On becoming Elector in 1726, Karl Albrecht immediately commissioned his court architect, the French-trained Joseph Effner, to design an ancestral gallery. The young architect François Cuvilliés was also involved in designing the decoration of this magnificent room; Wenzeslaus Miroffsky created the gilt carving on the walls and Johann Baptist Zimmermann of Wessobrunn was responsible for the stucco-work. Over 100 portraits of members of the Wittelsbach family are let into the carved gilt panelling of the gallery.
With the Ancestral Gallery, Karl Albrecht created a splendid monument to draw attention to the rank and connections of the dynasty. It was from this that he derived his claim to the imperial throne, which he successfully advanced in 1742.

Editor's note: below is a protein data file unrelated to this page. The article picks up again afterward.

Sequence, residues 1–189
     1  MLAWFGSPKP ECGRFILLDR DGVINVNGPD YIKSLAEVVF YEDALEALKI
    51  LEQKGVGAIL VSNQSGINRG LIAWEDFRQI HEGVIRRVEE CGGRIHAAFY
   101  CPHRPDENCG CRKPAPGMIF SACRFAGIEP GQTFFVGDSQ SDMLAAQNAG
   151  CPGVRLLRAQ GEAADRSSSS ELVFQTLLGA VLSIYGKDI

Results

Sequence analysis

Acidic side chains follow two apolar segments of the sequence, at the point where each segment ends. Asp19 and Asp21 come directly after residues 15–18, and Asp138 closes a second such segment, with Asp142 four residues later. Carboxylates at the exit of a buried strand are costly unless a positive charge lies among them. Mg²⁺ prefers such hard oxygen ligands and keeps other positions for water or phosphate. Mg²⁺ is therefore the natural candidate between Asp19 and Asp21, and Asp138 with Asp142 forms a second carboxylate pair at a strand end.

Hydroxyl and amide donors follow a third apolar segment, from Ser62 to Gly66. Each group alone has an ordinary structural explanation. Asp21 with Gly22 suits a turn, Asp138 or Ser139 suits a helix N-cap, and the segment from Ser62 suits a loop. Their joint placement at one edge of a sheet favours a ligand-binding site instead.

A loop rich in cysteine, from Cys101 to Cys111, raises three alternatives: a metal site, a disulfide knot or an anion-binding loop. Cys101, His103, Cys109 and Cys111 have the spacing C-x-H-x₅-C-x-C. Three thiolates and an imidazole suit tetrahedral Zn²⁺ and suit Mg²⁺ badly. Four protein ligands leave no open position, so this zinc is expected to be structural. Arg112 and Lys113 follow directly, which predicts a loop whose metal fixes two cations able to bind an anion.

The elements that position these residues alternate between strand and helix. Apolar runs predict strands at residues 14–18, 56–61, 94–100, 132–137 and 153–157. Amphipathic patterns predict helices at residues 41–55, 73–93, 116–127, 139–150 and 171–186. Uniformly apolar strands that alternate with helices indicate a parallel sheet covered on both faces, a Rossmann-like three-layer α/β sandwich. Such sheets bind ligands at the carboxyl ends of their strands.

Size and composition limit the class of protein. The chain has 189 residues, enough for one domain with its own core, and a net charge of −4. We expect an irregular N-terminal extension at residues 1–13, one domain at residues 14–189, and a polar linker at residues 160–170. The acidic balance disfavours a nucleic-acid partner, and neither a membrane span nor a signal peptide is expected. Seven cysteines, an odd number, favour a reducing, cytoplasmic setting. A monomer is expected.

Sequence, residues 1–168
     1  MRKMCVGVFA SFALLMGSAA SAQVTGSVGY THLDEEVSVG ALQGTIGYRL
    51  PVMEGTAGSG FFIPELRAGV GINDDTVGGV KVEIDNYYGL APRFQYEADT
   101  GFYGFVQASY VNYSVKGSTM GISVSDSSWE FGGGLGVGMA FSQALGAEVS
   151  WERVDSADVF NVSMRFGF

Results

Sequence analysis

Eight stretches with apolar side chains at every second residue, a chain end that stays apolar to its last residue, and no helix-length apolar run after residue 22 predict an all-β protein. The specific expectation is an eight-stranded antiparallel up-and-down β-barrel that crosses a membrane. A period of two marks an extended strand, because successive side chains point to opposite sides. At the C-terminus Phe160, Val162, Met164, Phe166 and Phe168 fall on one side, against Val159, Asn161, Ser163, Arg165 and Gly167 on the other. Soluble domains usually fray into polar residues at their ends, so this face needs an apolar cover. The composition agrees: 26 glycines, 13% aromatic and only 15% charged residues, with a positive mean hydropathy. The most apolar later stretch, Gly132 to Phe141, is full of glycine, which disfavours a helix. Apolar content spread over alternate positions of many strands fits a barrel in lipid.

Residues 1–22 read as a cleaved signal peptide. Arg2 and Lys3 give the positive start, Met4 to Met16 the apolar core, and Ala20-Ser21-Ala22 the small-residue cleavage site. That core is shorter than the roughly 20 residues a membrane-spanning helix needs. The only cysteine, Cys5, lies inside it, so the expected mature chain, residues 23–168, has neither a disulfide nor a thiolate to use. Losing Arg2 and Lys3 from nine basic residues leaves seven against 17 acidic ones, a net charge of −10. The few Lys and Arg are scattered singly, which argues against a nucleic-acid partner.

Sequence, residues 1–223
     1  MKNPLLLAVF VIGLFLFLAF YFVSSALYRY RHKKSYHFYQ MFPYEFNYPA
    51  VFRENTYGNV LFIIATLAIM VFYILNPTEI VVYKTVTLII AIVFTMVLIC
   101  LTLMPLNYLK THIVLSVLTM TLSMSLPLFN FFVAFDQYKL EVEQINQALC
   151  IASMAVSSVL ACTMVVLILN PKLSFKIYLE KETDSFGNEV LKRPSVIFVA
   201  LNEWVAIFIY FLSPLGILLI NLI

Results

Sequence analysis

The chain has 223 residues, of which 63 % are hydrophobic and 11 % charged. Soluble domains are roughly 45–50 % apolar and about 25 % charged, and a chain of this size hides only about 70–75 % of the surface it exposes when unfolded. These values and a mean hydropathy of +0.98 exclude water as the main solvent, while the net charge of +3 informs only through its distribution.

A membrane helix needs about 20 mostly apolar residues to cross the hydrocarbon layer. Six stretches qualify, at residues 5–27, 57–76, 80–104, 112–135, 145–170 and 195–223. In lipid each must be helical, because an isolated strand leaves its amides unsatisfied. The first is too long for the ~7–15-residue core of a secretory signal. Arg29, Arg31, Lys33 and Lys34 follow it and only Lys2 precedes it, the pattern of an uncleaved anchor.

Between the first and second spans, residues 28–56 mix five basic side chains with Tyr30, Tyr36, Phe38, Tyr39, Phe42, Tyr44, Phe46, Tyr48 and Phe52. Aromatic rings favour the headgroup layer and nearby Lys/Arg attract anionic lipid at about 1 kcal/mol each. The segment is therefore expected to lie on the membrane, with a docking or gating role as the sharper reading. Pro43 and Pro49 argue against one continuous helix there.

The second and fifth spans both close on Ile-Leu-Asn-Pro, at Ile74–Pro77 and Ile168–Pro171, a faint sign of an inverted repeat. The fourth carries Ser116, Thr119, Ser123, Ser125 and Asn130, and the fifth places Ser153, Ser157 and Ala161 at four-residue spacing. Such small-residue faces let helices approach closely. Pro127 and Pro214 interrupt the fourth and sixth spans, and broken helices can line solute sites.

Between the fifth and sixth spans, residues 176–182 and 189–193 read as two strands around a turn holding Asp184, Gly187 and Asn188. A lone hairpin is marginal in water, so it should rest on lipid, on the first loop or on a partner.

The adjacent richly decorated room was originally the electoral treasury. This exquisite setting was used by order of Karl Albrecht for "hereditary and personal treasures", in other words the treasures of the Wittelsbach family that were not for sale, which were effectively presented in wall-mounted glass cases with mirrors. This precious collection, which served to enhance the reputation and status of the rulers, formed an adjunct to the Ancestral Gallery, which was dedicated as a propaganda measure to the legitimation of the dynasty and its claims to power. Since the early 20th century, the former treasure cabinet of the Ancestral Gallery has been used for a selection of the Residence Museum’s internationally important porcelain collection.